Watering is fully automated in the tunnels with the ability for drip and overhead. At the moment the timer allows for 9 minutes drip feed 4 times a day. Both ends of the tunnel completely open as well as a slit that can be opened on the tunnel roof.
Fans have been installed should additional airflow be required. Humidity is monitored closely.
Outside all vegetables are grown in long raised beds a sort of stretch limo style. Weeding is done by hand to prevent root disturbance. This is an example of a very carefully planned system of growing and you gotta take your hat off to what has been realised here. The system is not reliant on wooofers and when fully running can produce a good part time income.
Our next stop was Agnes Organic Farm run by Brenda and Eugene Walsh. The style of growing is in complete contrast to stans. Here again crops are grown using the B.A.S.L. rotation. This is interpreted in years rather than one crop following another meaning that leeks could be followed by onion for example while potatoes would only need a few months of their year. The 4 main families are grown in separate fields in long beds with wide spacing to accomadate a tractor moving between them.They look like this.
A typical field with veg
A bed within the field
This system of growing has been done here for about 7 years and simply involves cutting grass from nearby fields which includes ‘weeds’ and mulching a strip of ground such that the grass undeneat is killed of and in about 4 weeks can be scratched back and transplanted into. Once the crops are in, the grass is then placed around them to act as a mulch retaining moisture breaking down and feeding the beds. Below Eugene is dealing with a Dock by Crimping it. This is a very interesting idea indeed where the weed is,nt pulled out but instead folded over a little and injured with a punch. The idea is that the roots try to repair the plant in vain but continue to pump up moisture. Not cutting or pulling means new weed growth is not encouraged and makes a lot of sense. This system is both no dig and does,nt require outside imputs like F.Y.M. etc.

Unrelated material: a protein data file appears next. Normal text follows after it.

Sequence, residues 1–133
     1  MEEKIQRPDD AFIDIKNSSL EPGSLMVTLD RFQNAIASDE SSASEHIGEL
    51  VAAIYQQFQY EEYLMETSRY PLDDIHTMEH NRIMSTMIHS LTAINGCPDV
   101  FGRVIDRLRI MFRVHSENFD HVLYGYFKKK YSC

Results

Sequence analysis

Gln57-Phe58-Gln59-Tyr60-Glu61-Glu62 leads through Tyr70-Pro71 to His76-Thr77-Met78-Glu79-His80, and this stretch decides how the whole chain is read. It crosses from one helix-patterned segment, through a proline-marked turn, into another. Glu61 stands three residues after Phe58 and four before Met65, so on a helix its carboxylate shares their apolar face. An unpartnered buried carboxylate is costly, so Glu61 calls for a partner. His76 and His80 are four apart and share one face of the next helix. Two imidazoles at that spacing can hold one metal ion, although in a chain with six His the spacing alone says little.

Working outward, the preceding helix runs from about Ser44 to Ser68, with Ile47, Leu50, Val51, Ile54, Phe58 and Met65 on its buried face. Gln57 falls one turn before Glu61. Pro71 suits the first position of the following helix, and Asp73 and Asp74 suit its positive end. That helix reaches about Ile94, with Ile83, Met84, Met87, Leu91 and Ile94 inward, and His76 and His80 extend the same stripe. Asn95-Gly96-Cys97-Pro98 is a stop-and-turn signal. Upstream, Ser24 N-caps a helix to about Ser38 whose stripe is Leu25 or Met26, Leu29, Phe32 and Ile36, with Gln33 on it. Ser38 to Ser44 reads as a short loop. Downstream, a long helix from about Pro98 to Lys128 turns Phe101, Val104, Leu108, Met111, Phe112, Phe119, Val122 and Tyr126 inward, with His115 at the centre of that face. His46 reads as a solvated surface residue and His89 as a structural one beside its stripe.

Slugs can be a problem and as Eugene says “they are in there” Potatoes are planted near the surface and mulched to prevent light greening the tubers. Throught the growing season more grass is applied. Much of the work involved with this system is in the cutting and spreading of the mulch around the plants and Eugene says there never seems to be enough material to spread. Interestingly the profile of the beds seems to have a concave profile even though material is being added. I wonder if this is due to the removal of dry material (harvesting) The ground here is good and fertility tests have shown the indeces have been improved dramatically using this method so it’s not the case that it’s the land alone without the mulch !
What’s really good about this is the simplicity of the method that could be used on any farm. It’s a slow process where one literally teams up with microbes just like in the book Teaming with Microbes. The weeds especially those with tap roots are the dynamic accumulators bring up the nutrients. One of the things that struck me with this method was the large amount of land needed for grass cutting verses the amount planted with veg and yet there was never enough grass available and I wonder if perhaps alley croping and incorporating trees, shrubs and elements of agro foresty / permaculture design with all those different layers might remove even more work from the method and need for moving nutrients about manually. By no means is this a lazy mans system of growing its just that the work to be done is different.
Here we lifted a garlic which is a good size for market and will fetch a euro.
The last stop after luch was to the Hollies community where Selvi Iyilikci gave us a tour of the gardens and site. I have wanted to visit for a long time but never made it. Inside one of the polytunnels with a jungle feel. The teaching/market gardens are near the entrance on what was stony marginal land. The soil was improved by mulching with cardboard and covering with F.Y.M.
Inside the tunnel are figs, vines, peaches and nectarines as well as annual vegetable. Below runner beans are doing well with calendula planted near the doors.
The garden is layed out with access paths and curving beds and is looking really beautiful
Alliums interplanted with oakleaf lettuce
The sauna near the wildlife and bathing pond
A cob structure
The surrounding countryside
This is indeed a beautiful place and a living example of what can be achieved when we work together.. As yet I have not experience what it is like to live and work within a community like this but I look forward to this when we travel later in the year. I think there is a real skill in learning to live and work with others that is lost in todays world. A great day out!